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‘Absolute scandal’: Austria told to reform security agencies after Vienna attack

Austria's domestic BVT intelligence agency requires reform without "any further delay," according to an independent report published Wednesday into security failures leading up to November's deadly jihadist attack in the capital Vienna.

'Absolute scandal': Austria told to reform security agencies after Vienna attack
A police officer at a memorial event in Vienna. Photo: JOE KLAMAR / AFP

Convicted Islamic State sympathiser Kujtim Fejzulai killed four people before being shot dead by police in the city centre, the first major attack in Austria for decades and the first blamed on a jihadist.

The commission set up by the government in the aftermath of the attack had already delivered an interim report in December outlining several missed chances to spot the danger posed by Fejzulai.

That report found that it took far too long for a threat assessment to be carried out after Fejzulai was released from prison in late 2019 and that warnings about Fejzulai's activities from neighbouring countries were not acted on by the BVT.

ANALYSIS: Vienna terror attack was 'only a matter of time' 

Wednesday's final report says the BVT's responsibilities and those of its partner agencies in Austria's federal regions must “be rethought and more clearly defined”.

“The much-heralded restructuring of the BVT should be carried out transparently and without any further delays,” the report says.

The 29-page report also highlights the need for more efficient information sharing between services.

The report authors also write that “there must be a lasting improvement in the working atmosphere within and between services” and that “mistrust” in the agencies had to be addressed. 

'Absolute scandal' 

Some of the deterioration in the atmosphere in the BVT can be traced back to raids on the agency ordered by the Interior Minister Herbert Kickl of the far-right Freedom Party (FPOe) in 2018, the report says.

As for deradicalisation of those convicted of terror-related offences, which came under the spotlight following the attack, the report says that such programmes should be “professionalised, given a legal framework and the necessary financial resources”.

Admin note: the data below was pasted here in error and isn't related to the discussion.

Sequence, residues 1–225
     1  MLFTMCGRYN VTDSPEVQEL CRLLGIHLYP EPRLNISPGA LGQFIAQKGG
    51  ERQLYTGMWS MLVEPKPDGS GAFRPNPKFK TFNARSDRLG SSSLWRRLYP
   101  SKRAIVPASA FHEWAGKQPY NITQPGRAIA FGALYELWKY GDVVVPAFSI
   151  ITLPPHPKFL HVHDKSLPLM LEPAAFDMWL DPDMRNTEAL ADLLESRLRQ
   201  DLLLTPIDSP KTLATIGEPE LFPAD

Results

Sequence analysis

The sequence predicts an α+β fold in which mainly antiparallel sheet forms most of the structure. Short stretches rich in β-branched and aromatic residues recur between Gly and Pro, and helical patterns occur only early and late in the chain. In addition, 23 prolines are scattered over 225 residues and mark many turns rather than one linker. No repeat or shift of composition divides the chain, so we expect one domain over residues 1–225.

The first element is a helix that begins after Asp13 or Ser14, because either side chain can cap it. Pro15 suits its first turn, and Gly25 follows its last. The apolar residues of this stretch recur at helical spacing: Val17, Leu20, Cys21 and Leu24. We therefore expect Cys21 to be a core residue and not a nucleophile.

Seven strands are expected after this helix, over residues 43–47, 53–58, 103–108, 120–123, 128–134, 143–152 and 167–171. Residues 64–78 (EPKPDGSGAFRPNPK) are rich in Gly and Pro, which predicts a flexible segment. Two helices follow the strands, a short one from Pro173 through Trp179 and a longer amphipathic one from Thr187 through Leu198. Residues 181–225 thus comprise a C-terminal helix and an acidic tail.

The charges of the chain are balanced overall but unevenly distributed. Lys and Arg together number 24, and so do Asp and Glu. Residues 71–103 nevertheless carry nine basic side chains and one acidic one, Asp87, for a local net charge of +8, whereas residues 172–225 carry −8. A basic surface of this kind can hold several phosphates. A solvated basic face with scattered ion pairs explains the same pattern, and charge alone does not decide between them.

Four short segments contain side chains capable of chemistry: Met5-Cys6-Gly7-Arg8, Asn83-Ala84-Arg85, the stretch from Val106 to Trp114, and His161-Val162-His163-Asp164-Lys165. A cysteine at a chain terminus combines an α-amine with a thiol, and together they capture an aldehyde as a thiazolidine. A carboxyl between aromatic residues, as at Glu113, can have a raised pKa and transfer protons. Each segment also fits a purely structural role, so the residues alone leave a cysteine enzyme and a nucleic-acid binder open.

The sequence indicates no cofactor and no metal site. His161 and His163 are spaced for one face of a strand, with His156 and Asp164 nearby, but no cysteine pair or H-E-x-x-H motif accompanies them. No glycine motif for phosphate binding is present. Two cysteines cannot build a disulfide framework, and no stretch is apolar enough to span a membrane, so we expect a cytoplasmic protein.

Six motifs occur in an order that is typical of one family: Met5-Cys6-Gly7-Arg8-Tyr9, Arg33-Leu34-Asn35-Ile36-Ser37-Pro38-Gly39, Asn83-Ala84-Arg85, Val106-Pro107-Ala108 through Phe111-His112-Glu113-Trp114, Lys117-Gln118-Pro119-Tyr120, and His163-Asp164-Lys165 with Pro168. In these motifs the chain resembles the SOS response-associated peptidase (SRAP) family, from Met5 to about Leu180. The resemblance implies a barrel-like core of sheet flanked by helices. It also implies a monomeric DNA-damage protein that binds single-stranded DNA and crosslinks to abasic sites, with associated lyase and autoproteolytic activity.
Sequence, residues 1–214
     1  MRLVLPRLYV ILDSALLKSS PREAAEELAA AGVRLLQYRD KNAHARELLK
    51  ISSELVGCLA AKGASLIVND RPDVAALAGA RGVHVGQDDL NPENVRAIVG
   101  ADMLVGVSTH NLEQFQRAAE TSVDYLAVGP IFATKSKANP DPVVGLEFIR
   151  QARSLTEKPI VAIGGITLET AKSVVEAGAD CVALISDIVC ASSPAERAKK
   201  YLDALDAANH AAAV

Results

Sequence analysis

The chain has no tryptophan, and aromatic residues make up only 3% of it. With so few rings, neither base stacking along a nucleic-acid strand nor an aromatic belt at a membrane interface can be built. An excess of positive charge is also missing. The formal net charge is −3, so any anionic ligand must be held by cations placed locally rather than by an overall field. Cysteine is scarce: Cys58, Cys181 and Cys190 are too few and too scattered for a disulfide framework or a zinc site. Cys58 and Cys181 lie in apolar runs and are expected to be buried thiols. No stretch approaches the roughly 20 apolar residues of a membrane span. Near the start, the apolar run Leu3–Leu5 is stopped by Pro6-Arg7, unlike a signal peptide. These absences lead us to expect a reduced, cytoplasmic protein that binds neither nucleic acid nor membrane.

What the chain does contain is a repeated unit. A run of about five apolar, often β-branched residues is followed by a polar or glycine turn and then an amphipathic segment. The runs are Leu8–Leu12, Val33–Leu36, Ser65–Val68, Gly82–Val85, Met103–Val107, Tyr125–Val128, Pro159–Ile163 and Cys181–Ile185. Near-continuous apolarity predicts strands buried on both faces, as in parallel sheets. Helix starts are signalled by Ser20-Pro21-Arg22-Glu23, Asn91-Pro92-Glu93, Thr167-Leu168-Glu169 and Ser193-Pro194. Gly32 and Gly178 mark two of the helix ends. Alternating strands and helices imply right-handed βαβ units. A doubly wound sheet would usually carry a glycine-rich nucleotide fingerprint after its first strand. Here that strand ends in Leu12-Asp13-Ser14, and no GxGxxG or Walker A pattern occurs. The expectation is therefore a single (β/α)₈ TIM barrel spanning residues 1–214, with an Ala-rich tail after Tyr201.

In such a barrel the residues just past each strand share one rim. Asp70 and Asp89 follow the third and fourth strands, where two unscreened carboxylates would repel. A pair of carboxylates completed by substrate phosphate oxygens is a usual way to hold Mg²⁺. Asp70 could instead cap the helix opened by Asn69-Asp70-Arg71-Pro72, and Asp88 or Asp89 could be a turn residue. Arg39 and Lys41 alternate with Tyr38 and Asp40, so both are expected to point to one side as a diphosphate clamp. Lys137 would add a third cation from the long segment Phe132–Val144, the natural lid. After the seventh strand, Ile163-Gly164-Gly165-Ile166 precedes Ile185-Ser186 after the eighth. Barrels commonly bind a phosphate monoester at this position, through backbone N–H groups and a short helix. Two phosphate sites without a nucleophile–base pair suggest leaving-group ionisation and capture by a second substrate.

However, the report casts doubt on the efficacy of the government's plan to create a new offence of “religiously motivated extremism”, calling it “superfluous”.

Interior Minister Karl Nehammer welcomed the main findings of the report, telling journalists: “We must carry out reforms to build an efficient new structure, having learned from these mistakes.”

The report's authors said that some of their queries on whether certain terror-related warnings were passed to the upper echelons of the interior ministry “were not definitively answered”.

The opposition Social Democrats (SPOe) demanded “a complete and immediate clarification of what information the interior minister… had in the run-up to the attack”.

The SPOe maintained that the investigatory commission had “clearly been hindered in its work”, calling this “an absolute scandal which must have consequences”.

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LIVING IN AUSTRIA

‘Decomposing smell’: Austrian police called due to smelly shoes

Austria's police department said they were called to an apartment complex in Vienna after a person was concerned about a "smell of decomposition".

'Decomposing smell': Austrian police called due to smelly shoes

This week, the Viennese police department started a weekly ‘series’ of sharing interesting stories on their social media accounts

Calling the series ‘Misunderstanding Wednesday’ (Missverständnismittwoch), the very first post is about a call they received to an apartment complex after a concerned citizen complained to emergency services about a “smell of decomposition in the staircase”.

READ ALSO: Stephansdom: Vienna woken up after hacker sets church bells to ring at 2am

The alleged corpse, it turns out, was just the neighbour’s smelly shoes which were left in the building corridor, in front of their apartment.

The police didn’t say when exactly the incident took place.

“When our colleagues are called because of the ‘smell of decomposition in the staircase’… and notice that the stunk is from the neighbour’s shoes which were left in front of the apartment door”, the official Twitter account of the Vienna police department reads.

‘When in doubt it is an emergency’

The authorities were light-hearted about the misunderstanding, even sharing a “meme-like” picture on their social media accounts, saying “some missions turn out to be different than initially assumed”.

READ ALSO: Austrian police warn public about new ‘fake cops’ scam

However, they reiterated that the misunderstandings should not deter people from calling 133, the emergency police number. They added that in case of emergencies and even if you are not sure, the authorities should be called and they will assist you.

“Note: in case of doubt, it is an emergency”, the Vienna police department says. “Never be afraid to dial the emergency number.”

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